We also need to recognize that we can’t expect everyone to understand everything about any given race, culture, or religion. I’m Catholic, and the number of misconceptions about the Church is huge. Although I love to talk about it and help bring people to understanding, I have to accept that not everyone will understand. It’s not necessarily a form of bigotry or hatred, but instead it can just be a form of ignorance that someone just doesn’t see the need to correct. Often, when people don’t know something, then don’t know that they don’t know it. I can’t imagine the student putting the banana peel in the tree thinking he had better Google that for racist incidents just to be sure. How would that have ever come to mind?

We’d see a much better improvement in any kind of relations if we thought more critically about the things at which we take offense and took some responsibility for our reactions. Some things are objectively offensive, and true hate groups do exist. There’s no question that we need to fight against them. Other things are misconceptions that need to be corrected with charity. Some things are just misconceptions and misunderstandings, and treating them as racist, sexist, or any other kind of bigotry will merely stir up anger which serves no one. If we are continually taking offense, we leave each other walking on eggshells for fear of unintentionally triggering someone and being dragged before a bias incident response team (Yes, they exist on college campuses with who knows what kind of power!). It will become so restrictive that many will give up trying to improve relations.

Category: Catholic, Response, Social Commentary


My Thoughts on the Nashville Statement

  /   Monday, September 04, 2017   /   Comments(0)

By now, many people have heard about the Nashville Statement written by a group of evangelicals known as the Council on Biblical Manhood and Womanhood. The statement is really a well-written and compassionate statement of constant Christian teaching on sexuality. However, there are plenty in the media, including social media, who just won’t have it.

I have read a number of comments and derogatory tweets stating that the statement is “anti-LGBT bigotry.” Some of the objections weren’t particular logical, like the ones stating that it’s 2017. What does the number of the current year have to do with whether the statement is right or wrong? Others criticized the statement simply because it came out during the time of Hurricane Harvey. Yeah, I’m sure the members of this group knew when there was going to be a hurricane and planned to release the statement then. Seriously, I’m doing my regular job in Nashville, so why can’t they? Even the mayor of Nashville, Megan Barry, posted a critical statement on her Twitter account. However, if you know anything about her, that’s not a surprise. She’s a known supporter of Planned Parenthood, and she’s also known for having officiated at the first same sex wedding in Nashville.

However, the statement is hardly a hate-filled denunciation. It states that marriage is between one man and one woman and that sex belongs only in marriage. It states that men and women are different from each other and that those differences are good. They are part of God’s creation, and both sexes are equal in dignity. It recognized the sinfulness of homosexual acts and of trying to act as though one had a different gender from one’s biological sex. However, also recognized is that those who find themselves with some ambiguity in regard to their sex or attracted to members of the same sex are still people loved by God who can live a fruitful life by obedience to Christ rather than identifying oneself with these inclinations and seeking to act on them. Finally, the statement clearly says in the end that no one is beyond the mercy of Christ. There’s nothing in here that hasn’t been proclaimed by the Church for 2000 years, even though some people in our present age wish to deny this.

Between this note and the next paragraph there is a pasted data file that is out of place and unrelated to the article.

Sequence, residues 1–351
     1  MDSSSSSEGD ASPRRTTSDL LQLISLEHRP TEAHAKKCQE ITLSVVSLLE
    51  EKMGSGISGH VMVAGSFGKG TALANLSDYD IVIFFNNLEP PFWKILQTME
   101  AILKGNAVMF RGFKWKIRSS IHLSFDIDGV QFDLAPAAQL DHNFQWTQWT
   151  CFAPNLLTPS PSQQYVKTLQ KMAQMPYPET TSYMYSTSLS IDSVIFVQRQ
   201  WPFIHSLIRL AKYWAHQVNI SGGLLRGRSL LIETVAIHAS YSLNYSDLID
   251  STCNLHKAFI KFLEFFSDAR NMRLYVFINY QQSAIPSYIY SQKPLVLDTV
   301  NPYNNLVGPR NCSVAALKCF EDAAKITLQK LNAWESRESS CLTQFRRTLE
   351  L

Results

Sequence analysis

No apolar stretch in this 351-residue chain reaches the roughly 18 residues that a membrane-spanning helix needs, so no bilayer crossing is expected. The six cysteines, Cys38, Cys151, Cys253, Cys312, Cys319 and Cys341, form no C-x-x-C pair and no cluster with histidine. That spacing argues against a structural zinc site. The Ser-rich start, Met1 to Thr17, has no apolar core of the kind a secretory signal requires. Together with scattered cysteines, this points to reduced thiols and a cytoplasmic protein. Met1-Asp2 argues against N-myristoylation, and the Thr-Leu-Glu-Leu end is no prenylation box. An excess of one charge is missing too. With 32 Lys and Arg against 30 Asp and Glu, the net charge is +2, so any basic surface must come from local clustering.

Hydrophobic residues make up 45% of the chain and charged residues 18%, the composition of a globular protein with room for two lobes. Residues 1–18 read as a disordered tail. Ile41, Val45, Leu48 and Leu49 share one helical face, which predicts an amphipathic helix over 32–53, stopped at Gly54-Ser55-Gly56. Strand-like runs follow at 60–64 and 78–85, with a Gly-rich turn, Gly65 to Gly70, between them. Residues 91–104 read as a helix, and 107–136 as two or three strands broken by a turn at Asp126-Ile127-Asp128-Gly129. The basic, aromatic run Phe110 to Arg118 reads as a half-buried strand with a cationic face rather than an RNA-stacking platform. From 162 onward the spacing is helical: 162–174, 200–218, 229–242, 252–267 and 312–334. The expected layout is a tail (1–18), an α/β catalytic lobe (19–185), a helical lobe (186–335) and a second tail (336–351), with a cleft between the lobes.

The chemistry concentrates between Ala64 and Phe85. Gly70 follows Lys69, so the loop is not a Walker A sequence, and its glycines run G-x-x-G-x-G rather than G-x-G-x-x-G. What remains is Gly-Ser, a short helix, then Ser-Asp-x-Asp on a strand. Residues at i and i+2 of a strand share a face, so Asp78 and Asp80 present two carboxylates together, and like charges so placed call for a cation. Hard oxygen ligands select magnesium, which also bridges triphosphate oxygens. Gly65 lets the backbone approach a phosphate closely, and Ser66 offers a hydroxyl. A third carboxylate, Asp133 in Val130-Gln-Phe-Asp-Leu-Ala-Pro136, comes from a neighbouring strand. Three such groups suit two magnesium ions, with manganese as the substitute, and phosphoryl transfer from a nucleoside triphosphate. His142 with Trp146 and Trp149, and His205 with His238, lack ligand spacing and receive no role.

As a Catholic, I could affirm everything in the Nashville statement. Still, it’s not perfect. There is one minor point that I would like to see worded another way. There is another statement that I would like to see strengthened and a third on which the Nashville statement is silent but shouldn’t be.

Article 2 of the statement says that God’s plan is “chastity outside of marriage and fidelity within marriage.” I think I know what they meant, but I don’t like the wording. Chastity is a life long virtue for people in all states of life, not just for unmarried people. It simply means the subjection of one’s sexual desires to right reason. It does not only mean abstinence, though it does for anyone not married. I’ve noticed some Protestant works saying someone intends to remain “sexually pure until marriage,” but they don’t mean that they plan to commit adultery once married. There’s nothing impure about the marital act between a husband and a wife when engaged in properly. Total abstinence ends once one is married, but the practice of chastity does not. It not only encompasses fidelity, but also respect for the physical, spiritual, and emotional well-being of one’s spouse.

While Article 1 of the statement does mention that God intends marriage to be a lifelong union, I would have liked a stronger statement against divorce. Specifically, I’d like it to say that “WE DENY that a valid, consummated marriage may be dissolved by anything other than the death of one of the spouses.” However, I do know that many evangelicals do believe in a kind of biblical divorce. Truthfully, there are reasons why one must separate from one’s spouse and even obtain a civil divorce for protection. However, the person is still married to that spouse in the eyes of God and may not seek another during the spouse’s lifetime.